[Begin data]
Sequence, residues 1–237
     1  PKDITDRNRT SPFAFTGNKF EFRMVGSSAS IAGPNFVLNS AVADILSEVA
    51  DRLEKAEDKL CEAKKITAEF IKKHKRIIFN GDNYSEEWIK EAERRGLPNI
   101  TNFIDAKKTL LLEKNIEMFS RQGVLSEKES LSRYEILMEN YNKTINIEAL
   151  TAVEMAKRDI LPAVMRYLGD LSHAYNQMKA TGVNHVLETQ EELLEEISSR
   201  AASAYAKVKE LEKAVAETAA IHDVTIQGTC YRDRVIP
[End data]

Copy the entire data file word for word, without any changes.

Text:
Sequence, residues 1–237
     1  PKDITDRNRT SPFAFTGNKF EFRMVGSSAS IAGPNFVLNS AVADILSEVA
    51  DRLEKAEDKL CEAKKITAEF IKKHKRIIFN GDNYSEEWIK EAERRGLPNI
   101  TNFIDAKKTL LLEKNIEMFS RQGVLSEKES LSRYEILMEN YNKTINIEAL
   151  TAVEMAKRDI LPAVMRYLGD LSHAYNQMKA TGVNHVLETQ EELLEEISSR
   201  AASAYAKVKE LEKAVAETAA IHDVTIQGTC YRDRVIP